Pie or cake? Cake or pie? Yes, we can all agree that Christmas fruitcake is one of the stranger elements of a holiday dinner, but in general, pie and cake are welcome additions to the spread. Prepare for your family gathering by choosing between these 5 totally Manitoban pies and cakes. Or...make them all!
As one of Manitoba's most iconic contributions to the cake scene, the shmoo's origins lie with Winnipeg's Jewish community, when a mother made the torte for her son's Bar Mitzvah. Since then, dozens of bakeries have adopted the combination of angel food cake, caramel sauce, pecans, whipped cream and caramel sauce. Before you commit to making the iconic cake at your holiday gathering, vet it ahead of time at Baked Expectations in Osborne Village.
While this savoury pie originates in Quebec, Manitoba's Francophone community has full embraced the pie tradition...with some slight adjustments. Christmas dinner just wouldn't be the same without tourtière, a mouth-watering concoction made with browned meat seasoned with nutmeg, cloves, dry mustard and cinnamon. Head to any french restaurant in St. Boniface, Winnipeg or in one of Manitoba's Francophone towns and you'll be sure to see tourtière on the menu.
3. Flapper pie
Photo credit: The Kitchen Magpie
It's a little unclear if the Flapper Pie (also known as Wafer Pie) has its origins in Manitoba or Saskatchewan, so it seems safer to just refer to this masterpiece as a prairie pie. The pie is a popular choice at fall suppers and Salisbury House, consisting of a graham cracker crust with a creamy custard filling, topped by meringue and graham cracker crumbs.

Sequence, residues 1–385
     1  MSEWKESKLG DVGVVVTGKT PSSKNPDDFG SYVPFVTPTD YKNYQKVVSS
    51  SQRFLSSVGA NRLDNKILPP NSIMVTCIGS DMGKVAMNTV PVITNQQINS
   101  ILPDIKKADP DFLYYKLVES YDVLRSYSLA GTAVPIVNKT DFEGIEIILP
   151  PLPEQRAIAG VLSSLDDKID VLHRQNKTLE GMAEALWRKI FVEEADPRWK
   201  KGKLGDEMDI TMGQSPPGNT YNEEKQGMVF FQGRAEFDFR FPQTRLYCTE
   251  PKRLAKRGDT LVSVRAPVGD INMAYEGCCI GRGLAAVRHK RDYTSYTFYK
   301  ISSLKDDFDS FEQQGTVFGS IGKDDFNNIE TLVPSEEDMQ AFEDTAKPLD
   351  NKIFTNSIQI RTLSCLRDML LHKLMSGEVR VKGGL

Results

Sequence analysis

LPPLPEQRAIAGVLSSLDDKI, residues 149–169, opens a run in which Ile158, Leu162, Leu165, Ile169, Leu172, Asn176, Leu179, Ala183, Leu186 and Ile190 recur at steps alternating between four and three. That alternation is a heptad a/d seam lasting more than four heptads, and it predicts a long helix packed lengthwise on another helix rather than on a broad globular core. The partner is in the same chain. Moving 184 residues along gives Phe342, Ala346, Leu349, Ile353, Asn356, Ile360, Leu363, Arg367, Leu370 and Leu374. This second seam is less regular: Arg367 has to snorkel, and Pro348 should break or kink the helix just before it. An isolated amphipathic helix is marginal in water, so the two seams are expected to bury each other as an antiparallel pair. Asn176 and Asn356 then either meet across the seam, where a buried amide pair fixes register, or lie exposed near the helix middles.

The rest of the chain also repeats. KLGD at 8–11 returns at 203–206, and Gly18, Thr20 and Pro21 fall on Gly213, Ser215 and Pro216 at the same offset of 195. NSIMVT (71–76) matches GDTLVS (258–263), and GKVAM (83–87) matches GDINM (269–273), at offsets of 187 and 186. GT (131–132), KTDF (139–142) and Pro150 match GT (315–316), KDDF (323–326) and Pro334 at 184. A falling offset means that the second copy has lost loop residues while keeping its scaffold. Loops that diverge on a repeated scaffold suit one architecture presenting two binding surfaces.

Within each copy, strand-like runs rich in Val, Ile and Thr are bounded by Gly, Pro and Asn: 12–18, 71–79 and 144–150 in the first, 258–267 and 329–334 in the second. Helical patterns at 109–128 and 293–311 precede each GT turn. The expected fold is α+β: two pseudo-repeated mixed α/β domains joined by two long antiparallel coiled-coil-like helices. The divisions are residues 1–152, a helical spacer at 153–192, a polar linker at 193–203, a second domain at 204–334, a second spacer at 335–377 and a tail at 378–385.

4. Saskatoon pie
As its name might suggest, Saskatoon pie can be found all across the prairies, including Saskatchewan. But there's no doubt that Saskatoon berries are abundant in Manitoba (especially southern Manitoba) and have therefore made it into an astounding number of desserts and baked goods. Find Saskatoon pie at any bakery or grocery store in Manitoba, or make your own using this fantastic and simple recipe.
If you can’t make it to Iceland for a taste of Icelandic culture, then Gimli and Hecla are your next best stops for a sampling. Icelanders made their way to Manitoba in the late 1800s, settling in the Interlake region, bringing with them a number of traditions including Vínarterta, a multilayered cake made up of prunes, spice blends and icing. While the exact recipe is quite a contentious topic among the Icelandic community, you can try one version of it at the annual Islendingadagurinn or at bakeries throughout the province like Tall Grass Prairie Bakery.
6. Wild arctic cranberry cake
If you’re lucky enough to join a walking polar bear safari with Churchill Wild, then you will be left with something else to remember your trip. Yes, you'll have myriads of amazing wildlife experiences and a camera full of images - but it's the food that will stick with you forever. Helen Webber has been cooking and developing recipes for the family’s lodges for more than 30 years. The books bear titles like Blueberries & Polar Bears, Icebergs & Belugas and Cranberries & Canada Geese, a clear nod to the landscape and wildlife that inspired the creations inside. Experience a slice of Churchill Wild right at home with their popular wild arctic cranberry cake.
About The Author
Hey! I'm Breanne, Editorial Content Specialist for Travel Manitoba. First to jump in the lake and last to make it down the River Trail. Lover of croissants, cats, and croissant-shaped cats. Got a story idea? Email me at firstname.lastname@example.org.